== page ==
Jamila Afghani


Jamila Afghani is the President of WILPF Afghanistan which she started in 2015. She is also an active member and founder of several organisations including the Noor Educational and Capacity Development Organisation (NECDO). Elected in 2018 as South Asia Regional Representative to WILPF’s International Board, WILPF benefits from Jamila’s work experience in education, migration, gender, including gender-based violence and democratic governance in post-conflict and transitional countries.

Sylvie Jacqueline Ndongmo


Sylvie Jacqueline NDONGMO is a human rights and peace leader with over 27 years experience including ten within WILPF. She has a multi-disciplinary background with a track record of multiple socio-economic development projects implemented to improve policies, practices and peace-oriented actions. Sylvie is the founder of WILPF Cameroon and was the Section’s president until 2022. She co-coordinated the African Working Group before her election as Africa Representative to WILPF’s International Board in 2018. A teacher by profession and an African Union Trainer in peace support operations, Sylvie has extensive experience advocating for the political and social rights of women in Africa and worldwide.

WILPF Afghanistan

In response to the takeover of Afghanistan by the Taliban and its targeted attacks on civil society members, WILPF Afghanistan issued several statements calling on the international community to stand in solidarity with Afghan people and ensure that their rights be upheld, including access to aid. The Section also published 100 Untold Stories of War and Peace, a compilation of true stories that highlight the effects of war and militarisation on the region. 

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WILPF Germany (+Young WILPF network), WILPF Spain and MENA Regional Representative

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WILPF uses feminist analysis to argue that militarisation is a counter-productive and ill-conceived response to establishing security in the world. The more society becomes militarised, the more violence and injustice are likely to grow locally and worldwide.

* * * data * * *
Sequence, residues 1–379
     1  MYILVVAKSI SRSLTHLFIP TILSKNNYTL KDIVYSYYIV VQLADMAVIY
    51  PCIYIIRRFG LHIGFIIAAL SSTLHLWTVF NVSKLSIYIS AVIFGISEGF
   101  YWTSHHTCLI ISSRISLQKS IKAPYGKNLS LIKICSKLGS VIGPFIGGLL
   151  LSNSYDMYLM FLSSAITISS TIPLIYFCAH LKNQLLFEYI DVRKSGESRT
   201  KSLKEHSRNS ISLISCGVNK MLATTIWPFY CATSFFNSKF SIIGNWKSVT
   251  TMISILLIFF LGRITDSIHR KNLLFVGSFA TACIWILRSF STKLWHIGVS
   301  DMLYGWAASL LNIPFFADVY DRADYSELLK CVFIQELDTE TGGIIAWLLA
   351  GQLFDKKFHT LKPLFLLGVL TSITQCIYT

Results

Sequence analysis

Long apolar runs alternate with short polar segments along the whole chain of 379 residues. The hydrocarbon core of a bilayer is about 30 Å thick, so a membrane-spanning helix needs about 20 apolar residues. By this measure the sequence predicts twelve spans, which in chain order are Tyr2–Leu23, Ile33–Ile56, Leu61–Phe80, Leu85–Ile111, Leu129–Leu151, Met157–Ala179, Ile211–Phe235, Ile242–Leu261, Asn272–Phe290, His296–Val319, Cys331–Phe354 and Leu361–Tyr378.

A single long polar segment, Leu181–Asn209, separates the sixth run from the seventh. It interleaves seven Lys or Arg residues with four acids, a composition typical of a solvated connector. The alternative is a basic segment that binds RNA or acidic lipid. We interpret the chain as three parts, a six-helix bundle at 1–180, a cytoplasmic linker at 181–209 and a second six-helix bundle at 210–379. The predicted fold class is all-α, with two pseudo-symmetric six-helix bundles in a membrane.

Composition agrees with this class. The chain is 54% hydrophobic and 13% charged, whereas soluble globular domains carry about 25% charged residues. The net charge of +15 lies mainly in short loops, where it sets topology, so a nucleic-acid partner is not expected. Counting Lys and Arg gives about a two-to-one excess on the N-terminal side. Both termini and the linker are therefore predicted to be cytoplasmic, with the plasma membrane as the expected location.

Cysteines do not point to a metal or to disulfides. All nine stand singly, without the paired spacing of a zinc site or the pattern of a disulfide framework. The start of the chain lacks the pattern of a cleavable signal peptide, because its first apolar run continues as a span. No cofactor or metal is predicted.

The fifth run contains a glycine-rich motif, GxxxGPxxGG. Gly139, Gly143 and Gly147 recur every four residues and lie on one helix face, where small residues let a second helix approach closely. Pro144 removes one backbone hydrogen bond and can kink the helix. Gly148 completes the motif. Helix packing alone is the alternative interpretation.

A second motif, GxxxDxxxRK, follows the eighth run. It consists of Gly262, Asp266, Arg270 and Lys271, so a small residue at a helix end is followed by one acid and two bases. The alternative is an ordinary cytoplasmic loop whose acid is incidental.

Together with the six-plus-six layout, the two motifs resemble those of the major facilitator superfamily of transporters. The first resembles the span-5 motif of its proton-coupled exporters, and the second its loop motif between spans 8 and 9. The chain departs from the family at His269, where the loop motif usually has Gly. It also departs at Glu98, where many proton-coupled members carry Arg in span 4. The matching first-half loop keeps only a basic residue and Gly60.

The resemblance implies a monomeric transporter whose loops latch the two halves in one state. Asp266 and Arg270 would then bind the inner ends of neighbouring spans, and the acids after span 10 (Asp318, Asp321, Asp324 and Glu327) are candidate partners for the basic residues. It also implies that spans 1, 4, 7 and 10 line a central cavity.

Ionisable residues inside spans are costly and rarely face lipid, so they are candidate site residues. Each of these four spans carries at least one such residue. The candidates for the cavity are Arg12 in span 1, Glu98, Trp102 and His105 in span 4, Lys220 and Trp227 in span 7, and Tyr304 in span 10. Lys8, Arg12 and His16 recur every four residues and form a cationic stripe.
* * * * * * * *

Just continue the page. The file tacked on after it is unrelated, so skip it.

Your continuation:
Sixteen states are believed to have supplied weapons to Afghanistan from 2001 to 2020 with the US supplying 74 % of weapons, followed by Russia. Much of this equipment was left behind by the US military and is being used to inflate Taliban’s arsenal. WILPF is calling for better oversight on arms movement, for compensating affected Afghan people and for an end to all militarised systems.

Militarised masculinity

Mobilising men and boys around feminist peace has been one way of deconstructing and redefining masculinities. WILPF shares a feminist analysis on the links between militarism, masculinities, peace and security. We explore opportunities for strengthening activists’ action to build equal partnerships among women and men for gender equality.

WILPF has been working on challenging the prevailing notion of masculinity based on men’s physical and social superiority to, and dominance of, women in Afghanistan. It recognizes that these notions are not representative of all Afghan men, contrary to the publicly prevailing notion.

Feminist peace​

In WILPF’s view, any process towards establishing peace that has not been partly designed by women remains deficient. Beyond bringing perspectives that encapsulate the views of half of the society and unlike the men only designed processes, women’s true and meaningful participation allows the situation to improve.

In Afghanistan, WILPF has been demanding that women occupy the front seats at the negotiating tables. The experience of the past 20 has shown that women’s presence produces more sustainable solutions when they are empowered and enabled to play a role.